« ElőzőTovább »
estimable amount of labour and research—upon an object
Had that fact been otherwise, the story of the knavery of Peter LEHEUP would have little merited recital a century after it, and he, had passed into oblivion. .
The value of so small an incident in the crowded story of our National Museum lies simply in the fact that it forms a just and salient illustration of the narrowncss of spirit with which the then representatives of the people received the liberal gift of public benefactors. It serves to show why it was that, from the year 1753 down to some years after 1800, the History of the British Museum casts very little honour on Britain as a nation, whereas the precedent history of its integral parts, as separate and infant collections, casts, and will long continue to cast, great honour on the memory of the Co'r'rons, the HARLEYS, and the Snonnns, by whom they were painfully gathered and most liberally dispensed.
Happily, as the course of this narrative-éwhatever its
shortcomings—cannot fail to show, the literary and scientific treasures which men of that stamp had collected, came, in a subsequent generation (and, in a chief measure, by dint of the exertions of the Trustees and Officers to whom they had been, in course of time, confided) to be more adequately estimated by Ministers and by Parliament in their public capacity, as well as by the more cultivated portion of the people generally. For more than a half-century past the History of the British Museum has been one that any Briton may take delight and pride in telling. And such it promises to be, preeminently, in the time yet to come. In a conspicuous sense, the men by whom it was first founded, and the men by whom, for what is now a long time past, it has been administered and governed, have alike been true workers for Posterity.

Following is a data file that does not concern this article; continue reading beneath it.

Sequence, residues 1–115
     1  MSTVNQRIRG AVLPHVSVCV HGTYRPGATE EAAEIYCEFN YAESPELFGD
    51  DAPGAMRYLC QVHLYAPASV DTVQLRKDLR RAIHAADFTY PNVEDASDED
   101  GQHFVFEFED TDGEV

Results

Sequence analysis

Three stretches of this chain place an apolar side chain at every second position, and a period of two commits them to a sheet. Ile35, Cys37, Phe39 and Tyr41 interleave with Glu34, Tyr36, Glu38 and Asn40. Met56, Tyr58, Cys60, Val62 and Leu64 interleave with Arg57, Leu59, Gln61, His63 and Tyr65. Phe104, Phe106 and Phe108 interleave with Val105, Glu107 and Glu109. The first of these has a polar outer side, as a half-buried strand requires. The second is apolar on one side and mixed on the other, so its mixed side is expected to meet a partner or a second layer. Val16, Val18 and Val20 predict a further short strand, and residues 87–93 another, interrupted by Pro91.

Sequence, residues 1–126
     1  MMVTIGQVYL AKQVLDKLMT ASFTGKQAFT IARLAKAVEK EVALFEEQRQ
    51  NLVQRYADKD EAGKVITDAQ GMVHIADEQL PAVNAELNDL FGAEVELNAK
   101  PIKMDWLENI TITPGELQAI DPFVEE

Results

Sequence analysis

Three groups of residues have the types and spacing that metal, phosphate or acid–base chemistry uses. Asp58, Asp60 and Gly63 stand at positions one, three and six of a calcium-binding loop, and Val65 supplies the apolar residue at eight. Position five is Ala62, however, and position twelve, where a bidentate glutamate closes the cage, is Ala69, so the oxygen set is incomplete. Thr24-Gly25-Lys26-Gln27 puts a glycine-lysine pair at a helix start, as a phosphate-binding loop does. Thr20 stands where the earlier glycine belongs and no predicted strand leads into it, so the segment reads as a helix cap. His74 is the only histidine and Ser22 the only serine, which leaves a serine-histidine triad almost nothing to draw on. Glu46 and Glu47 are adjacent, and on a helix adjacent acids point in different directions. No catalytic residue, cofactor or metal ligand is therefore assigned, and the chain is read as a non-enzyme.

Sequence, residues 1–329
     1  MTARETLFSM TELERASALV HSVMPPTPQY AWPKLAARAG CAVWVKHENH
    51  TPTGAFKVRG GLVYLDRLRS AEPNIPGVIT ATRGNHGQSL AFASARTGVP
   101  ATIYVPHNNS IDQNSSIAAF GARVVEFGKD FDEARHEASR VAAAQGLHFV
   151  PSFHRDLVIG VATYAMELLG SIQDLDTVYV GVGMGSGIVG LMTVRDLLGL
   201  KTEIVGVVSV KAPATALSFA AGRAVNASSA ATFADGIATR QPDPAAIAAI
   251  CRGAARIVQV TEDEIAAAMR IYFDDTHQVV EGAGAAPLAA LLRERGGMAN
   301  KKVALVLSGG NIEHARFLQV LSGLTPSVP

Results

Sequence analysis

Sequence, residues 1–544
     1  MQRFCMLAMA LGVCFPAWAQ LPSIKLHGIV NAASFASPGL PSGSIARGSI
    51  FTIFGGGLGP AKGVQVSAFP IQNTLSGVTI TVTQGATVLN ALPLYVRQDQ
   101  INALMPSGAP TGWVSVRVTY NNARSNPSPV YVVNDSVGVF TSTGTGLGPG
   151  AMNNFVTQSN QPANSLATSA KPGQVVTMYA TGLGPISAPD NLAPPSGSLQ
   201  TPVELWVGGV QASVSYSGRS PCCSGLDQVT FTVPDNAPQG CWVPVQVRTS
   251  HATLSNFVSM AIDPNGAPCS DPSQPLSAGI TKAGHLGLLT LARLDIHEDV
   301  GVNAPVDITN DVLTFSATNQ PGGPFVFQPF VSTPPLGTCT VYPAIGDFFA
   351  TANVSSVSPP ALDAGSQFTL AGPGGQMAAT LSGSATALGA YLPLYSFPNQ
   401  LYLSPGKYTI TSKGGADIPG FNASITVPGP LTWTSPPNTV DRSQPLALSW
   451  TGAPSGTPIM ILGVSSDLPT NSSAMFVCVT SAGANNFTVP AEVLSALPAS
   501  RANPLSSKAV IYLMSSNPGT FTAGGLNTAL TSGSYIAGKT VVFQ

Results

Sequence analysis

CHAPTER. I. INTRODUCTORY.—EARLY HISTORY on THE anrrsn
“ Tan King made this Ordinance :—r ‘hat there should be a mission of three of the brethren of Solomon’s House, whose errand was only to give as knowledge of the affairs and state of those countries to which they were designed, and especially of the Sciences . . . . and Inventions of all the World; and withal to bring us books, instruments, and patterns in every kind. . . . . .
“\Ve have also precious stones, of all kinds; many of
them of great beauty. . . . . . Also, store of fossils. But we do hate all impostures and lies, insomuch as we have severally forbidden it to all our fellows, under pain of ignominy or fines, that they do not show any natural work or thing adorned or swelling, but only pure as it is, without afi'ectation of showing marvels.
“ We have also those who take care to consider of the former labours and Collections, and out of them to direct new explorations . . . more penetrating into Nature than the former. . . . . Upon every invention of value we erect a statue to the inventor, and give him a liberal and honourable reward.
“ we have hymns and services, which we say daily, of land and thanks to Gon for His marvellous works, and forms of prayer imploring His blessing for the illumination of our labours.”—Bacon, ‘ New Atlanlz's, a Work unfinals/waif